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Vergne still feeling stiff after Monza accident

ESPN Staff
September 13, 2012 « Renault Sport vows to solve alternator issue | 'Mercedes offer him much greater freedom on the commercial side' »
Jean-Eric Vergne's car launched over the speed bumps at turn one © Press Association
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Jean-Eric Vergne is still suffering from a stiff back and neck after his accident at the Italian Grand Prix last weekend, but says it won't stop him preparing for the Singapore Grand Prix next weekend.

Vergne spun out of the race on lap nine after a rear suspension failure caused his Toro Rosso to snap out of control under braking for turn one. His Toro Rosso clattered over the kerbs and out of the race, but Vergne was able to get out of the car without assistance.

"The kerbs are quite high at Monza, so when the car hit the kerb I was thrown in the air," he wrote in his Toro Rosso blog. "I was a little worried that the car might flip, so the fact that it didn't is something to be grateful for. It could have been a lot worse than it was. Having said that, it was still quite a big impact and it took me a minute to get myself together once the car had stopped. I felt a bit of pain, so I stayed where I was for a few moments, just to get everything straight in my head, but then I felt okay and climbed out. I went with the medical car and that was the end of my Italian Grand Prix.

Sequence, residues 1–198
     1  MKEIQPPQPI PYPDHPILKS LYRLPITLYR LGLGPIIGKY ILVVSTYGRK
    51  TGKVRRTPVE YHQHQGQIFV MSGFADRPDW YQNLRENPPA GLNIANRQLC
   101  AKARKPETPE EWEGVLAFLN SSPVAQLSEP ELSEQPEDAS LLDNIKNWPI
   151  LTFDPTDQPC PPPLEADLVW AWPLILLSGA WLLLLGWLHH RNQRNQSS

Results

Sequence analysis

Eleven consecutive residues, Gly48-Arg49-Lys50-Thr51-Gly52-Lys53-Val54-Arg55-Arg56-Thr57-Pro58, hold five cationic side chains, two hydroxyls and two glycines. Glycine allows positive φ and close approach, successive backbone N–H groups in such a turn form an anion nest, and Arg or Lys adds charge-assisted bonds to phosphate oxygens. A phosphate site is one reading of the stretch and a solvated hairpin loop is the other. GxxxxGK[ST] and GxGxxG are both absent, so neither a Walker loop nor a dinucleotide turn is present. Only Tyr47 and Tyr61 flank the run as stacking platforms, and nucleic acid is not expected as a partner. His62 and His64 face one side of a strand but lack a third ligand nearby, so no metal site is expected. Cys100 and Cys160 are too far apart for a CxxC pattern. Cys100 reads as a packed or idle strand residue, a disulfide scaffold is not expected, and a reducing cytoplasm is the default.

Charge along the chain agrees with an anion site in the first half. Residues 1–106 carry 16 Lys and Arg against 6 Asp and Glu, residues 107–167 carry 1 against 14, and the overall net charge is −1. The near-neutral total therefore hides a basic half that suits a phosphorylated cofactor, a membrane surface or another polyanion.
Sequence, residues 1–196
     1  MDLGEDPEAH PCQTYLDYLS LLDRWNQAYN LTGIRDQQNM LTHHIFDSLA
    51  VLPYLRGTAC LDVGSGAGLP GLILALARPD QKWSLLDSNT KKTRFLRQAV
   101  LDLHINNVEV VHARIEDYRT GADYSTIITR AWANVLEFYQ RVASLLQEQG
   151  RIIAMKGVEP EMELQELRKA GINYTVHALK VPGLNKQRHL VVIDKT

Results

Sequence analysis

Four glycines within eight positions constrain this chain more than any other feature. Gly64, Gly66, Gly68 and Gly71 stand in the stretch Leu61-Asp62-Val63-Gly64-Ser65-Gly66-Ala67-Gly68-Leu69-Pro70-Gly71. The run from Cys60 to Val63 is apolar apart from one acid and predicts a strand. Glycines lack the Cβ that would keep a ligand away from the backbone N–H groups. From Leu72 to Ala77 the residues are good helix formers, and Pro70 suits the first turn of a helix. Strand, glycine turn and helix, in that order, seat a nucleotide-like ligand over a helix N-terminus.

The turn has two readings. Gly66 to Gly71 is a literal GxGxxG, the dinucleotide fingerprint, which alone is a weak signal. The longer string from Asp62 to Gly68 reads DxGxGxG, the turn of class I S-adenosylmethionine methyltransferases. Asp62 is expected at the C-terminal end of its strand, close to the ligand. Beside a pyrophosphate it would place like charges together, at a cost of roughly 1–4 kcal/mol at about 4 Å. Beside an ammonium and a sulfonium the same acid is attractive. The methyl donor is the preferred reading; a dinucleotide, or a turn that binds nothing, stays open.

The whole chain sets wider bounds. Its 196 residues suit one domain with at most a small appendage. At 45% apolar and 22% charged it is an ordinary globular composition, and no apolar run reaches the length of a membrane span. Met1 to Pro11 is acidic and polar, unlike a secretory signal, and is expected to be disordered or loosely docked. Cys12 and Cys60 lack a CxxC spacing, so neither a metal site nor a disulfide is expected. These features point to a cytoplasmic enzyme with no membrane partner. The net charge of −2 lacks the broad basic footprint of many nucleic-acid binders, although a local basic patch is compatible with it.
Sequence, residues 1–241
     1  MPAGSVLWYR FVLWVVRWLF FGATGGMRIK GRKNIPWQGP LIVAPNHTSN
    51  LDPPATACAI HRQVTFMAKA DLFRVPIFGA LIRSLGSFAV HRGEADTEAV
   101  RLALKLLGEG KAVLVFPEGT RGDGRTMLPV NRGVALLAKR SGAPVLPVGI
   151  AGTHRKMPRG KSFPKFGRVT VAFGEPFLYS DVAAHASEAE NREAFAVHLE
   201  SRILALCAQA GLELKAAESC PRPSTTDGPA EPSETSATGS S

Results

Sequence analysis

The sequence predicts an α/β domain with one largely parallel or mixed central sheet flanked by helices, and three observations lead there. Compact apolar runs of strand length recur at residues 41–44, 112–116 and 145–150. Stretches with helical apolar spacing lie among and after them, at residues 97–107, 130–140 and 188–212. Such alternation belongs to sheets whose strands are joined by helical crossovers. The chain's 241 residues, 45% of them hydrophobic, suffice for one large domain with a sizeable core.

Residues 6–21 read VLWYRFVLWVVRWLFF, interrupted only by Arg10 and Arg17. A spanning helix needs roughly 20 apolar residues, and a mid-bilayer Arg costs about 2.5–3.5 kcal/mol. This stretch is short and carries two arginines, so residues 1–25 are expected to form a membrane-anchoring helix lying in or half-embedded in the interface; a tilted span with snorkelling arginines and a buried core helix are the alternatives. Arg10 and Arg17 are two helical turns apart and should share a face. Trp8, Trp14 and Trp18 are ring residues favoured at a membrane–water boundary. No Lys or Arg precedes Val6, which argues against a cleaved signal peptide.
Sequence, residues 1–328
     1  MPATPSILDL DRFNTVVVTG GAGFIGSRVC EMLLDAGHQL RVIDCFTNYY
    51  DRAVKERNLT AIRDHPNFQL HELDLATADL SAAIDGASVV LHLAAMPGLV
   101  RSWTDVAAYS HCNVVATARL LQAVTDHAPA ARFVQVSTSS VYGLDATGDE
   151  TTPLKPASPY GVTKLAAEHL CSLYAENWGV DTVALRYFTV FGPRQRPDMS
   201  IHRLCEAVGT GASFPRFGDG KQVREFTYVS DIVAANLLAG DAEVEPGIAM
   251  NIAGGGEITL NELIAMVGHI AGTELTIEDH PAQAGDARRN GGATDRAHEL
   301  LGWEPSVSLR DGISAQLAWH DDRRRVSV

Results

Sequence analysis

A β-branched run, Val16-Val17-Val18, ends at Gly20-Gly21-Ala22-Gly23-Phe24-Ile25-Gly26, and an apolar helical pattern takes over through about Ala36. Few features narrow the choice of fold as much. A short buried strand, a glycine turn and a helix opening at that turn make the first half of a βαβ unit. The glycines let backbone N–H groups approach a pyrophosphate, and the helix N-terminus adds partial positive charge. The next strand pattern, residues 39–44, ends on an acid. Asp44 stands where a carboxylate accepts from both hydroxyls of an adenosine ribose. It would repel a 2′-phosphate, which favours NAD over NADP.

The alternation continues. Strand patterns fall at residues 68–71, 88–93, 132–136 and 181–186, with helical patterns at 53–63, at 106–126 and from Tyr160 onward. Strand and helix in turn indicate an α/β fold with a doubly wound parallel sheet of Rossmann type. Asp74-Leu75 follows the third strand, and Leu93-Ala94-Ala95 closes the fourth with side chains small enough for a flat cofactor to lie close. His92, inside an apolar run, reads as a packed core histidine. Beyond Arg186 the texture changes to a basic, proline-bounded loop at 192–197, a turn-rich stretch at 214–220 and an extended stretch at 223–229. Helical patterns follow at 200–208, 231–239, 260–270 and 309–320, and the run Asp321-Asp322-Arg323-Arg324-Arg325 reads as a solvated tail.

"After the race, we established it had been a failure with the rear suspension. In the end you just have to put it down as one of those things that happen when you go racing. I do feel pretty stiff across my back and neck but I think that will go away over the next day or so and I'll get on with what is going to be a pretty busy schedule until Singapore."

Vergne said the car had felt odd since the first lap of the race.

"I felt something wasn't quite right from the start. I was struggling with it quite early on and it just felt strange. In those circumstances, you try to let the team know what's happening and then you just get on with it. You're racing and you need to make the best of the situation.

"As I said, when I had the suspension problem it was a big shock. I entered the braking phase for the corner and totally lost it. The car just snapped out from underneath me. I could feel the rear wheel was the wrong way under braking and from that point on I was pretty much a passenger.

"It's a shame that it happened. It's easy to say this after the fact, but I do think we could have had a pretty good race in Monza."